There are any number of great places to eat in the Golden Triangle, week in and week out. But there is one place where food dollars spent Saturday can add power and punch to the fight against cancer.
Remember the warm spinach salad? That hot bacon dressing, crumbles of blue cheese, crunchy nuts and those canned orange slices, all mounded over a bed of slightly wilted spinach?
When shopping for asparagus, people often focus on the wrong thing -- how thick the stalks are. They think thinner is better.
There's been so much catfish in the air lately -- the Catfish in the Alley cooking contest Saturday in downtown Columbus, and the CONTACT Helpline catfish (and barbecue) plate fundraiser the same day. It seemed an appropriate time to touch on this prolific Southern staple.
I had every healthy intention of continuing my miniseries on ancient grains with a few words on millet and amaranth. However, you know how many roads are paved with some of those intentions.
The Lowndes County Extension Service and Lowndes Farm Supply present a free Tomato Battle and Tomato Growing seminar Tuesday.
For my daughter's 10th birthday, I took 15 giggling girls to dinner at a Japanese steakhouse.
Quinoa (KEEN-wah) is probably the world's most popular superfood.
Ahh, spring. We've been teased before, but surely it well and truly arrives on the wings of Easter.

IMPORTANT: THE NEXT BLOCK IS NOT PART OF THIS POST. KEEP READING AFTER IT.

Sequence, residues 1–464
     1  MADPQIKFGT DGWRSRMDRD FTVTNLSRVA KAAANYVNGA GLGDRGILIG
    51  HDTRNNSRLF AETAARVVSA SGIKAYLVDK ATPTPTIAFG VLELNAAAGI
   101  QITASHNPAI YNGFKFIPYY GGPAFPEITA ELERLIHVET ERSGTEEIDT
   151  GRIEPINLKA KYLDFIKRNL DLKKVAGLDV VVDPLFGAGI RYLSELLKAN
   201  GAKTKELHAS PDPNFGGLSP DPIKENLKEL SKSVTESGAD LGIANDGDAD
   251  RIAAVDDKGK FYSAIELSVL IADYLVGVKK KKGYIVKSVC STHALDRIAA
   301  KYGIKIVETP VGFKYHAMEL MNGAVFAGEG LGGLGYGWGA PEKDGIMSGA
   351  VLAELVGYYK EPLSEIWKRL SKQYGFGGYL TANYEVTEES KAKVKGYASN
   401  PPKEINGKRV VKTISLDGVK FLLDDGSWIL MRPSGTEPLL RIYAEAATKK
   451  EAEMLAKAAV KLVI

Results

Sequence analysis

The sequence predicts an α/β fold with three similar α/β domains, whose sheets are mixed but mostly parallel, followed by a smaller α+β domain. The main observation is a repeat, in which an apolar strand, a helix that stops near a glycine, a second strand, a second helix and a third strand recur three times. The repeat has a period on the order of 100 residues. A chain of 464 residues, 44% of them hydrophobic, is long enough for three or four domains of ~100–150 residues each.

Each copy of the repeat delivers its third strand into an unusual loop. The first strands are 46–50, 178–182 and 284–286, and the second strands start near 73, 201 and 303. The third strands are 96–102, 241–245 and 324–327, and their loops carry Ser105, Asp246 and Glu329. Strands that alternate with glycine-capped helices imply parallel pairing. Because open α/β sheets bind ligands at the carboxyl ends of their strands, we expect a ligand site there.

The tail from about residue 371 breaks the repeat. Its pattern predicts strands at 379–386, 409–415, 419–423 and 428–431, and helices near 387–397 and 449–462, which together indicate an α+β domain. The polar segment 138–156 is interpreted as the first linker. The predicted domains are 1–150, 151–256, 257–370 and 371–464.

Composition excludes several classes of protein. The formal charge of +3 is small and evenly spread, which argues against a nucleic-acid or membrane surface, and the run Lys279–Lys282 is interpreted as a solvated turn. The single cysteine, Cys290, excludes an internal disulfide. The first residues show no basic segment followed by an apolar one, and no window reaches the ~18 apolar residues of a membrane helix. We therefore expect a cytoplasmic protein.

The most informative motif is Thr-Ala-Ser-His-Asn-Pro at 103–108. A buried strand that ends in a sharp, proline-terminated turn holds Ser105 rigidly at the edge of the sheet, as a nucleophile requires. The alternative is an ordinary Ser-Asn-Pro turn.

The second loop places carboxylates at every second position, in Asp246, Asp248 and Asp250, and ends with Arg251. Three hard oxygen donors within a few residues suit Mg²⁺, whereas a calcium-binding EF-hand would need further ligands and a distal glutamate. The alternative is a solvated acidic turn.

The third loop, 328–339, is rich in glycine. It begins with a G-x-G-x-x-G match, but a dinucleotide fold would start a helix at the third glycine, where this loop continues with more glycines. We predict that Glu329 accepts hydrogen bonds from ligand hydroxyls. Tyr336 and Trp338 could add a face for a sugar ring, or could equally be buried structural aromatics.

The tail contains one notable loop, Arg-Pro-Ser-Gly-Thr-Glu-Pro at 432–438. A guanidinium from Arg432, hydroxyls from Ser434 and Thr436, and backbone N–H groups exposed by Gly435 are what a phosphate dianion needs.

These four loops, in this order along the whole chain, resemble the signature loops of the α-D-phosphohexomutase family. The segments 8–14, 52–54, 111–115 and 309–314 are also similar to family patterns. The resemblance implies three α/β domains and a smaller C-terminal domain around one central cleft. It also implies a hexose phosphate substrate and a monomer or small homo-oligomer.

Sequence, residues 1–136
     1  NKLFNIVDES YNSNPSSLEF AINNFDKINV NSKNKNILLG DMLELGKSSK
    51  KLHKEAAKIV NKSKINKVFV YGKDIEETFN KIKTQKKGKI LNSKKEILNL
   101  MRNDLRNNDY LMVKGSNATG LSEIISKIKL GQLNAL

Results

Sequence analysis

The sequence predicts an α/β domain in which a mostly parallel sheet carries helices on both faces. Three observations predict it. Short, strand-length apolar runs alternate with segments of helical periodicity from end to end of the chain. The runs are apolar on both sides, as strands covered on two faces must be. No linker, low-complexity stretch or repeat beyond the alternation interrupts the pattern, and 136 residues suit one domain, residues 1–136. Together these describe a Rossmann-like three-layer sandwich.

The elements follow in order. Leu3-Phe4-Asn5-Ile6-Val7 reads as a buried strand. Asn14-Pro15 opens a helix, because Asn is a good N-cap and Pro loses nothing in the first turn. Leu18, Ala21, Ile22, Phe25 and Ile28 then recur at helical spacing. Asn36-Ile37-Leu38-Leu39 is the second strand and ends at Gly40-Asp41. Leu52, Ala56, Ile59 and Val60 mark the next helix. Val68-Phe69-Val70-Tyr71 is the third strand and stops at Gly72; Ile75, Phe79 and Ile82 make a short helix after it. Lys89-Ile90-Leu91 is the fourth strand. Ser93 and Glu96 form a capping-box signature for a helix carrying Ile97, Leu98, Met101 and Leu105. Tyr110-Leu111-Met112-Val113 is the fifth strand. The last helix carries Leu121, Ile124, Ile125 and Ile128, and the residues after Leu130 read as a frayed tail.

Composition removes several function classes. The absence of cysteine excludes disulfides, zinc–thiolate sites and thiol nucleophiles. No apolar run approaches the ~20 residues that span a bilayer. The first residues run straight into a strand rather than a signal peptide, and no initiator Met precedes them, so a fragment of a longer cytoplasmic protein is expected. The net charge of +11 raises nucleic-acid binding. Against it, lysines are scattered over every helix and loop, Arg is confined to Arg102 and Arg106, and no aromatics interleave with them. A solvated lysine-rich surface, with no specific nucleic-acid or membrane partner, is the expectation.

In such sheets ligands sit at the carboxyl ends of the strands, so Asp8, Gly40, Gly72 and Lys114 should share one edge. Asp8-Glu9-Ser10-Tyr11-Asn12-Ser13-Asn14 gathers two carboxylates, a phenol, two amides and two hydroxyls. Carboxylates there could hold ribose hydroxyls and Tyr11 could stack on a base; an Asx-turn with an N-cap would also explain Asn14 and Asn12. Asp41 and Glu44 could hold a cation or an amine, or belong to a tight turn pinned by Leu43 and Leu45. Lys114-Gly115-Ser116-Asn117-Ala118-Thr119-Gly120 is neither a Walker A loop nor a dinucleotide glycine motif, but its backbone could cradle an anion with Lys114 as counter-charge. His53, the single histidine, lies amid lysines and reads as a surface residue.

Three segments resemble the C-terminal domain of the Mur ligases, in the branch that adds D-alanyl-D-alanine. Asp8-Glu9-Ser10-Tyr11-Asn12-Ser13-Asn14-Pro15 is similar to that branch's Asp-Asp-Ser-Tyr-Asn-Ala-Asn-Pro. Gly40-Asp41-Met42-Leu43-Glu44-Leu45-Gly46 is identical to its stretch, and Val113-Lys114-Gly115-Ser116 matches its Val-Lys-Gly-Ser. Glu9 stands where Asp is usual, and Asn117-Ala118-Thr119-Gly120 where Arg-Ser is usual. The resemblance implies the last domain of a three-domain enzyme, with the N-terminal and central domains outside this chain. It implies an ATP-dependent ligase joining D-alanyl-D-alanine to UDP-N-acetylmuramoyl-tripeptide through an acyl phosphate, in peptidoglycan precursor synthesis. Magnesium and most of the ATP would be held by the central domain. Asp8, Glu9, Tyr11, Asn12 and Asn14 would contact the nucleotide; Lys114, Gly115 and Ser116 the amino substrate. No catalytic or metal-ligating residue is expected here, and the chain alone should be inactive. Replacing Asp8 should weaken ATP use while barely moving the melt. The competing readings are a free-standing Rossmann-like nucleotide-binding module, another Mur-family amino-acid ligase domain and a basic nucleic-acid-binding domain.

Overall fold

It's just not Easter without some sort of coconut dessert, whether it's a classic Southern coconut cake or a creamy coconut chocolate egg.
You may have heard word of it, the toast craze that sprang up in San Francisco last year and spread. Yes, the humble breakfast food went hipster.
The classic foods of Easter dinner have never done much for me.
Remember the days when you knew spring was coming by the arrival of asparagus at the grocer?
The term "ancient grains" has been the buzzword on food blogs, in magazines and on grocery labels for the past several years.
During my personal wonder years, the main dish on our family holiday tables never changed. It was quite comforting, in fact.
Soup can be an unusual choice for a spring dinner.
You may think you're immune to transparent sales pitches like "Do you want fries with that?" But the tactics restaurants use to nudge you into spending a little extra may be subtler than you realize.
For most of us, salads are mainly unplanned affairs. Which is why the idea of salad cookbooks can seem kind of silly.
Eight years ago, a few seniors who regularly gathered at what would become the Townsend Community Center in central Columbus came up with the idea for a soul food supper.
With St. Patrick's Day looming, let's whip up some champ, a rich and rustic Irish dish of mashed potatoes flecked with scallions and topped with butter.